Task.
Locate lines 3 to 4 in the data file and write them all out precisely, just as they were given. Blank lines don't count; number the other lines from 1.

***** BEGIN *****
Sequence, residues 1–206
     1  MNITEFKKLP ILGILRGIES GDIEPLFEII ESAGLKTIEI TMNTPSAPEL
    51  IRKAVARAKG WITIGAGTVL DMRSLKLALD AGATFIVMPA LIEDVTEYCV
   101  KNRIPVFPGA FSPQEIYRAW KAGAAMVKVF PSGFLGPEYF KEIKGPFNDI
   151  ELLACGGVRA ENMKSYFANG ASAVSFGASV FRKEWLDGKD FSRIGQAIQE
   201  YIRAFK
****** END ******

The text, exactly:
    51  IRKAVARAKG WITIGAGTVL DMRSLKLALD AGATFIVMPA LIEDVTEYCV
   101  KNRIPVFPGA FSPQEIYRAW KAGAAMVKVF PSGFLGPEYF KEIKGPFNDI